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Understanding Misconceptions: Teaching and Learning in Middle School Physical Science

Abstract

"Everybody wants teachers to be knowledgeable. Yet there is little agreement on exactly what kinds of knowledge are most important for teachers to possess. Should teachers have deep knowledge of the subject matter they are teaching, gleaned from college study, additional graduate courses, or even research experience? Do they need to understand how students typically think when they approach a problem or theory? Is there some optimal combination of these different types of knowledge?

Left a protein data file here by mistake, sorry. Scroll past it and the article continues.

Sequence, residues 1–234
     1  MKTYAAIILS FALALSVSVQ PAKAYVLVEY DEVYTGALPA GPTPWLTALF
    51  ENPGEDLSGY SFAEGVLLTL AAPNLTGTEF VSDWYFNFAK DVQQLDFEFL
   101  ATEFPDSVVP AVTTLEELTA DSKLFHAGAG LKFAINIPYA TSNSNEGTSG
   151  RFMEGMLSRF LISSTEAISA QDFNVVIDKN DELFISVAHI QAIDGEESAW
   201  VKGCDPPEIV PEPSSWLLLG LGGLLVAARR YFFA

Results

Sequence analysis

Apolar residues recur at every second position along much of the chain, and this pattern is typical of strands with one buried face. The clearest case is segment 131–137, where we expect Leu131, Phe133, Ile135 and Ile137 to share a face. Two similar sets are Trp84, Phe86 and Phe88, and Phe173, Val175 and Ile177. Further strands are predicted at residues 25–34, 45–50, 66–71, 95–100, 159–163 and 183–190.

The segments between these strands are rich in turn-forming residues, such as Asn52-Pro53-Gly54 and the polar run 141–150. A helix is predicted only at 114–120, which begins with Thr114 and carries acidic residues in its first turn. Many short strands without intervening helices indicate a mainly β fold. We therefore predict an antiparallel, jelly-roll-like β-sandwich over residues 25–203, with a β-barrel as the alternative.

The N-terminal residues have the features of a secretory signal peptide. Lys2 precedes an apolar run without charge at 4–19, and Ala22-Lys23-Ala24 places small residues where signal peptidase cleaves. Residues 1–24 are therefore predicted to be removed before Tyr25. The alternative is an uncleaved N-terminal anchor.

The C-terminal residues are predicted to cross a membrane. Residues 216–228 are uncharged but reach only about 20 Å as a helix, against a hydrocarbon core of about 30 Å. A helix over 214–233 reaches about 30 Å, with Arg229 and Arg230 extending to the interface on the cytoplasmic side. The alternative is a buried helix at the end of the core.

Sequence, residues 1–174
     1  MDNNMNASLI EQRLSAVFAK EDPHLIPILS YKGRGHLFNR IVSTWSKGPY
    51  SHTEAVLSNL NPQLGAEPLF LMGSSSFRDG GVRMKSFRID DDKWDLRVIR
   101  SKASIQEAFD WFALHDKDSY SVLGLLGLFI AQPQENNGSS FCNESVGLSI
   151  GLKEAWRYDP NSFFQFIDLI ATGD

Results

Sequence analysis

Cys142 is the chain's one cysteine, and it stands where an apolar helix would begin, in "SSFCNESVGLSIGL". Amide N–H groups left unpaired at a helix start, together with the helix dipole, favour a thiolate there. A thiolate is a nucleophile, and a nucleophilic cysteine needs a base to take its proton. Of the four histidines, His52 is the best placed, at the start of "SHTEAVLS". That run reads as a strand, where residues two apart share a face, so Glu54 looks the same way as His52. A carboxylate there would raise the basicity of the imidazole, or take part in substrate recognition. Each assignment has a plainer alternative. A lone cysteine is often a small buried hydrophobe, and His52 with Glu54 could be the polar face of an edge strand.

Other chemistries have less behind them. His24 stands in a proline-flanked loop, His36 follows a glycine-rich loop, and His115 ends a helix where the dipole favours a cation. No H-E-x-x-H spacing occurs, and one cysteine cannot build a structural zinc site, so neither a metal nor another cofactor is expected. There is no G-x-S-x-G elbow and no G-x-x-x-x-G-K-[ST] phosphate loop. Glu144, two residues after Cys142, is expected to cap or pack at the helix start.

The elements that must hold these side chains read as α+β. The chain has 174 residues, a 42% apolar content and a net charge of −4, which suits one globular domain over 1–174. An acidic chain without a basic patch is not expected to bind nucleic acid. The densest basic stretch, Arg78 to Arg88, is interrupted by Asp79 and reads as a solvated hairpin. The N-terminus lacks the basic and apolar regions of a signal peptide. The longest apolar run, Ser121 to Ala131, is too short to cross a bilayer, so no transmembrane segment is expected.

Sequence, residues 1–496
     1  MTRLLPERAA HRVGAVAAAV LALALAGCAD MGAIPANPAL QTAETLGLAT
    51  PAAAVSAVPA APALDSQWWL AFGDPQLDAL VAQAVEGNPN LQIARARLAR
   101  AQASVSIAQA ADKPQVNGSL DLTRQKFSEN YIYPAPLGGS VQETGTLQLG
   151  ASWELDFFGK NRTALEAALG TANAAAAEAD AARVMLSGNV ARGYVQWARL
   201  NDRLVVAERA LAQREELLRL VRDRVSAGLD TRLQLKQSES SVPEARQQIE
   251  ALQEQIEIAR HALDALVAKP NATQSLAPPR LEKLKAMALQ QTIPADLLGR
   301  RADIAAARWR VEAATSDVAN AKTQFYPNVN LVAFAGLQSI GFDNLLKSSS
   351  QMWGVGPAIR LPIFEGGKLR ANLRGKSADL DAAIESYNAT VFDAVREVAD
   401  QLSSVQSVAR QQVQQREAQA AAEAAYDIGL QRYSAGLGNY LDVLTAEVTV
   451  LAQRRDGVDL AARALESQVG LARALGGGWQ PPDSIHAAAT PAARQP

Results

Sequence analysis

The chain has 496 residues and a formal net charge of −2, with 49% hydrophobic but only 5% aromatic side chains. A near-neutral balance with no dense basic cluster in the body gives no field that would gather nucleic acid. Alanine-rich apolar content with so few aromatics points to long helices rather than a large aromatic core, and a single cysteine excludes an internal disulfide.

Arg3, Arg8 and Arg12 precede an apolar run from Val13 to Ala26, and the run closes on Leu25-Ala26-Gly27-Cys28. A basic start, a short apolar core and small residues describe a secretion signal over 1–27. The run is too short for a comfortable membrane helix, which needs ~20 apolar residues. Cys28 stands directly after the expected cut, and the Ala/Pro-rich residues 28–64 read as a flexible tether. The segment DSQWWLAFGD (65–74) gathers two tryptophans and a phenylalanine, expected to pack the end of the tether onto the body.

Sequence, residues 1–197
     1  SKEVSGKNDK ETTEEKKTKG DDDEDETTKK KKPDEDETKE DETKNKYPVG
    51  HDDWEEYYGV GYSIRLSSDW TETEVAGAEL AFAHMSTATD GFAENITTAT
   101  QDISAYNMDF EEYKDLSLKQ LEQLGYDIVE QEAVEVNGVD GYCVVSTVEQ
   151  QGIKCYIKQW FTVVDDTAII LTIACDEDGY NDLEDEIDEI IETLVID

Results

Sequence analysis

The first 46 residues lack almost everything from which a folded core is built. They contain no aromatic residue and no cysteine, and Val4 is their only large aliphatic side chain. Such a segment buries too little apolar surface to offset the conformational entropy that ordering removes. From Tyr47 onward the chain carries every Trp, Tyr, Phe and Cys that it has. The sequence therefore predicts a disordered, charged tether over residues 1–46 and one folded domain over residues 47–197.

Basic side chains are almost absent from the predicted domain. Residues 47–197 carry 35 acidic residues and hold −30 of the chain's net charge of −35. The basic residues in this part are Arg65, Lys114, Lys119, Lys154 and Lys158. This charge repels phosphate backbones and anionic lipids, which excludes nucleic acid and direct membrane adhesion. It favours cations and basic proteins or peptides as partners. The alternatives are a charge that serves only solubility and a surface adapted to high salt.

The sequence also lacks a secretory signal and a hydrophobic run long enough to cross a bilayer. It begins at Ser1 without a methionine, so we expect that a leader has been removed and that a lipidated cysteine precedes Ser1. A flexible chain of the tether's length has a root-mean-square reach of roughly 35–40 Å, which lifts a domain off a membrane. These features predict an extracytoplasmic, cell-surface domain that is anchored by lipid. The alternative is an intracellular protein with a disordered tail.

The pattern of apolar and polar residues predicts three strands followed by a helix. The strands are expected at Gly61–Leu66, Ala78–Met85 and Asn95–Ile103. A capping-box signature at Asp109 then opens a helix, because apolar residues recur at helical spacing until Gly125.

Researchers have long speculated that a teacher's knowledge of common student misconceptions could be crucial to student learning. This view recognizes that learning is as much about unlearning old ideas as it is about learning new ones. Learners often find it difficult to change their misconceptions, since these are ideas that make sense to them. Some researchers advocate, therefore, that teachers should know common student misconceptions for the topics that they teach, and others suggest that teachers interview or test their students to reveal student preconceptions early on in the learning process. Yet the research falls short in assessing teachers' knowledge of particular student misconceptions and the actual impact of this knowledge on student learning."

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